Roosevelt Institute | Cornell University

The Future of Communicating Threatening Intentions: Cyber Warfare

By Morgan GreenePublished October 11, 2013

It has never been easier than it is today to inflict damage and take lives without boots on the ground. Using cruise missiles, predator drones, and even nuclear weapons, the U.S. can exert influence without directly risking American lives. In a time when technology has the potential to inflict massive casualties, the solution should be obvious"”attack technology, not people.
It has never been easier than it is today to inflict damage and take lives without boots on the ground. Using cruise missiles, predator drones, and even nuclear weapons, the U.S. can exert influence without directly risking American lives. Despite the tactical ease of these weapons, is their use moral? Cowardly? Do they have the potential to provoke violent responses? The development of cyber warfare presents an alternative, non-violent approach that lessens the relevance of these weighty questions. Although the use of cyber warfare may cause a proliferation of these tactics in other countries, it is a more successful and less morally objectionable strategy for maintaining redlines and ensuring U.S. security. Recently, the success of cyber warfare has become evident through the success of U.S. and Israeli cyber attacks on Iran's nuclear facilities to slow down that country's nuclear ambitions. Even the recent Syrian cyber attacks on US media interests demonstrate the advantage of adversaries communicating threatening intentions without resorting to violence. In a time when technology has the potential to inflict massive casualties, the solution should be obvious—attack technology, not people.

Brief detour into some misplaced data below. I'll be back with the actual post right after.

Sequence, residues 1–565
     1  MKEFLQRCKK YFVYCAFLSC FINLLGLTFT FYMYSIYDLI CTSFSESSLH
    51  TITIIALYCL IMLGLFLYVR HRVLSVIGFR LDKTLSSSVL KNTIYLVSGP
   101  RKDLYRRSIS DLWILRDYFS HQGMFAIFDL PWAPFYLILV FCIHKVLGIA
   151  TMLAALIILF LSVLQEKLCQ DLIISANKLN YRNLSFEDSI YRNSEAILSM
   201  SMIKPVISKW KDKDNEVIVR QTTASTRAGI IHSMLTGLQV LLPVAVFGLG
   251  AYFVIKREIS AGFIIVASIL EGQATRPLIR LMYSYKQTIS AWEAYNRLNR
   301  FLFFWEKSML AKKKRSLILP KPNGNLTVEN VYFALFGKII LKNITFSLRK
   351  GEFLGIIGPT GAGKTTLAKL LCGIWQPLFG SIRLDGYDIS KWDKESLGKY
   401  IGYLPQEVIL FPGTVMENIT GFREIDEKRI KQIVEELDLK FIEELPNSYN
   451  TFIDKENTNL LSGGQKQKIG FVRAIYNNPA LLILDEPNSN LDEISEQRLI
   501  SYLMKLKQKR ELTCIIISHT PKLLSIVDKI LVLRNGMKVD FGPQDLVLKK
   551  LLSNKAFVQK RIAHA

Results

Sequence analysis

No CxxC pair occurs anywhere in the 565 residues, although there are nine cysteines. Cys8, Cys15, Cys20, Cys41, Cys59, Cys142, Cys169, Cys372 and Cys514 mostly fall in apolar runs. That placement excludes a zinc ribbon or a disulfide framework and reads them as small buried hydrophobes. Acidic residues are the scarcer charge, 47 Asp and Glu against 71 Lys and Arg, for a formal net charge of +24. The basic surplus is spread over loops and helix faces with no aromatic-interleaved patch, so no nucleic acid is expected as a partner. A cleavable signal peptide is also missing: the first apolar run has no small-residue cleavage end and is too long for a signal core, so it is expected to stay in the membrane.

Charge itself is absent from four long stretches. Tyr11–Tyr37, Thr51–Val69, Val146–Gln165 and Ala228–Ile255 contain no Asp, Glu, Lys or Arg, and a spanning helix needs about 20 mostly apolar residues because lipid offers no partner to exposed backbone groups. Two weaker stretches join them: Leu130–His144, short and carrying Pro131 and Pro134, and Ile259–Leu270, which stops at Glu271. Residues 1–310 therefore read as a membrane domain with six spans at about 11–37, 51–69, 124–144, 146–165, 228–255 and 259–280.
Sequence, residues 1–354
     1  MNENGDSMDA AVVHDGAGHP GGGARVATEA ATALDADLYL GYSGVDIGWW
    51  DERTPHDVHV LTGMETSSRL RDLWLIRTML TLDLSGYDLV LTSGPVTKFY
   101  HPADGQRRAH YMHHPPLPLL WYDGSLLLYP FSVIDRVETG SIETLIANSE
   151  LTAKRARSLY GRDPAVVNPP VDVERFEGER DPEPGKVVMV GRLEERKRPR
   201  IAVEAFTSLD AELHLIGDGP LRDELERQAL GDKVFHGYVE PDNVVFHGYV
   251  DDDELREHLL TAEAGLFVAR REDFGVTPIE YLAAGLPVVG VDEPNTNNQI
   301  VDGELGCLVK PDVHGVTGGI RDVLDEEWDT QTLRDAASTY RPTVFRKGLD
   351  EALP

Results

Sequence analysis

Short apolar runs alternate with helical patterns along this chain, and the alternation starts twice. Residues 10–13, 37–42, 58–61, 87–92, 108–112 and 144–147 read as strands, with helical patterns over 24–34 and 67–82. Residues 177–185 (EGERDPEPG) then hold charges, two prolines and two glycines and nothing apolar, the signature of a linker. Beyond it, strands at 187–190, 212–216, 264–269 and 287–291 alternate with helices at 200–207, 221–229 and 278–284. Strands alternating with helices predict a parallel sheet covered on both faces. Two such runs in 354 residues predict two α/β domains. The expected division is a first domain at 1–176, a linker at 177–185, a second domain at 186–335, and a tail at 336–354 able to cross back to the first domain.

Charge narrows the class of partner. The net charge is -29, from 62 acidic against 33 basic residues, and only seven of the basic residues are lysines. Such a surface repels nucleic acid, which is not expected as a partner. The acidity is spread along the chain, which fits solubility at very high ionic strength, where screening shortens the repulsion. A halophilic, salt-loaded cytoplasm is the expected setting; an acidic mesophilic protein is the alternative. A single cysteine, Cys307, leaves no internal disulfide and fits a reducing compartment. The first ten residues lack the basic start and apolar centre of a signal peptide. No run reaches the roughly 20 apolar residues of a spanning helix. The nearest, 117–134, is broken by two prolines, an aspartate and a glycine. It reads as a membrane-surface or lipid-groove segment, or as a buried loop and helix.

Iran's potential nuclear problem presented the ideal situation to implement this strategy. President Obama is a strong proponent of avoiding direct warfare and decreasing casualties, exemplified by his removal of most troops from Iraq and the increased use of drones to target terrorists directly. (1) Thus, it is no surprise that he would be an advocate of the use of cyber warfare. The United States, in conjunction with the Israeli government, created a cyber warfare bug called "Stuxnet" with the ability to control centrifuges and other machines in Iranian nuclear facilities, causing them to speed up, slow down, or self-destruct. (2) One of the Stuxnet designers stated afterwards that the project's primary goal was not only to set back the construction of nuclear weapons physically, but also "the intent was that the failures should make them feel they were stupid." This latter objective was likely achieved when the Iranian government realized that it had wrongly fired engineers for system failures that were not their fault. (3) This first large-scale use of cyber weapons was viewed as a comprehensive success, setting the Iranian nuclear program back by "18 months to two years." (4)